Participants who ate a diet high in red and processed meat, fried food, refined grains, and high-fat dairy were three times more likely to develop an eye condition that damages the retina and affects a person’s central vision, according to the results of a study, “Diet patterns and the incidence of age-related macular degeneration in the Atherosclerosis Risk in Communities (ARIC) study,” from the University at Buffalo (UB) that appears in the British Journal of Ophthalmology.
The condition is called late-stage age-related macular degeneration (AMD), which is irreversible and affects a person’s central vision, taking away their ability to drive, among other common daily activities.
“Treatment for late, neovascular AMD is invasive and expensive, and there is no treatment for geographic atrophy, the other form of late AMD that also causes vision loss. It is in our best interest to catch this condition early and prevent development of late AMD,” said Shruti Dighe, who conducted the research as part of her master’s in epidemiology at UB’s School of Public Health and Health Professions.
And that’s why the finding that diet plays a role in AMD is so intriguing, added Dighe, who is now pursuing her PhD in cancer sciences at Roswell Park Comprehensive Cancer Center.
It turns out that a Western dietary pattern, one defined as high in consumption of red and processed meat, fried food, refined grains, and high-fat dairy, may be a risk factor for developing late AMD.
The authors studied the occurrence of early and late AMD over approximately 18 years of follow-up among participants of the Atherosclerosis Risk in Communities (ARIC) Study. Dighe and colleagues used data on 66 different foods that participants self-reported consuming between 1987 and 1995 and identified two diet patterns in this cohort: Western and what researchers commonly refer to as “prudent” (healthy) that best explained the greatest variation between diets.
“AMD is the leading cause of irreversible vision loss among the elderly. This study aimed to determine the association between dietary patterns and food groups (used to make them) with the 18-year incidence of AMD.
“ARIC participants who showed change in AMD lesions between retinal photographs taken at visit 3 and visit 5 were graded side by side to determine incident AMD (any=144; early=117; late=27). A 66-line item food frequency questionnaire, administered at visit 1 and visit 3, was used to identify 29 food groups. Principal component analysis was used to derive dietary patterns from average food group servings. Logistic regression was used to estimate ORs and 95% CIs for incident AMD (any, early, and late) by tertiles of dietary pattern scores, adjusted for age, race, education, total calories, and smoking status. P-trend was estimated using continuous scores.”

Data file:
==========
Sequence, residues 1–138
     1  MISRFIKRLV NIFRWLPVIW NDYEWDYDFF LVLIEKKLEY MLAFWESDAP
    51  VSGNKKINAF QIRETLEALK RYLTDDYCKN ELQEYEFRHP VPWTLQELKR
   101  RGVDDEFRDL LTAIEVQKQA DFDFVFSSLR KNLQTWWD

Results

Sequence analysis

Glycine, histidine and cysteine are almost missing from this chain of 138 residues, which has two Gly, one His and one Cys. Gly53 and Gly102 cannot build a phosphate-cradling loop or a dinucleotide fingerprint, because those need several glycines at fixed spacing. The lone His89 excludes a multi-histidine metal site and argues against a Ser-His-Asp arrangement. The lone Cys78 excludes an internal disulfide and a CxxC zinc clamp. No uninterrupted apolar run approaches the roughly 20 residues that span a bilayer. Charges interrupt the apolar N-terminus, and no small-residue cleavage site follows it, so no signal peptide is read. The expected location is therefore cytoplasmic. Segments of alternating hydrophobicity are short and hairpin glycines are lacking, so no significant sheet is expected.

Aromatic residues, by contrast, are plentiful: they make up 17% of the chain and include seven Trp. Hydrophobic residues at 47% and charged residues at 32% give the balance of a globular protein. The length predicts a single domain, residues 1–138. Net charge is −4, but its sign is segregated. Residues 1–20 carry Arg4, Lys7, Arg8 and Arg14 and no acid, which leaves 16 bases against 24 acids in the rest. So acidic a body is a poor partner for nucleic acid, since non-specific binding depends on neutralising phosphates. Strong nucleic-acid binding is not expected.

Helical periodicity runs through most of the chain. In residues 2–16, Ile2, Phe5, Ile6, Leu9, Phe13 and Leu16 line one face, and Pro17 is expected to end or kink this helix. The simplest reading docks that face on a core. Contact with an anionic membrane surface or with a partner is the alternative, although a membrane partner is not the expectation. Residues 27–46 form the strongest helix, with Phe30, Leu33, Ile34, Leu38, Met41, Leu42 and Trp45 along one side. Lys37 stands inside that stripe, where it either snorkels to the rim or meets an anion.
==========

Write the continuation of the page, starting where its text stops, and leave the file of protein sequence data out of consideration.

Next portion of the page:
Western (unhealthy) and Prudent (healthy) dietary patterns were identified. No significant associations were observed between either dietary pattern and incident any or incident early AMD. However, a threefold higher incidence of late AMD was observed among participants with a Western pattern score above, as compared with below, the median (OR=3.44 (95% CI 1.33 to 8.87), p-trend=0.014).
“The risk of developing late AMD was decreased, but not statistically significant, among participants with a Prudent pattern score above, as compared with below, the median (OR=0.51 (95% CI 0.22 to 1.18), p-trend=0.054).
“Diet patterns were not significantly associated with incident any or incident early AMD. However, consumption of a Western pattern diet may be a risk factor for development of late AMD.”
“What we observed in this study was that people who had no AMD or early AMD at the start of our study and reported frequently consuming unhealthy foods were more likely to develop vison-threatening, late-stage disease approximately 18 years later,” said study senior author Amy Millen, PhD, associate professor and associate chair of epidemiology and environmental health at UB.
This U.S.-based study is one of the first examining diet patterns and development of AMD over time. The other studies were conducted in European cohorts.
Early AMD is asymptomatic, meaning that people often don’t know that they have it. To catch it, a physician would have to review a photo of the person’s retina, looking for pigmentary changes and development of drusen, or yellow deposits made up of lipids. With early AMD, there could be either atrophy or a buildup of new blood vessels in the part of the eye known as the macula.
“When people start developing these changes, they will begin to notice visual symptoms. Their vision will start diminishing,” Dighe said. “This is advanced or late-stage AMD.”
But not everyone who has early AMD progresses to the more debilitating late stage.
To date, most research has been conducted on specific nutrients, such as high-dose antioxidants, that seem to have a protective effect. But, Dighe explained, people consume a variety of foods and nutrients, not just one or two, and that’s why looking at diet patterns helps tell more of the story.
“Our work provides additional evidence that that diet matters,” Millen added. “From a public health standpoint, we can tell people that if you have early AMD, it is likely in your best interest to limit your intake of processed meat, fried food, refined grains, and high-fat dairy to preserve your vision over time.”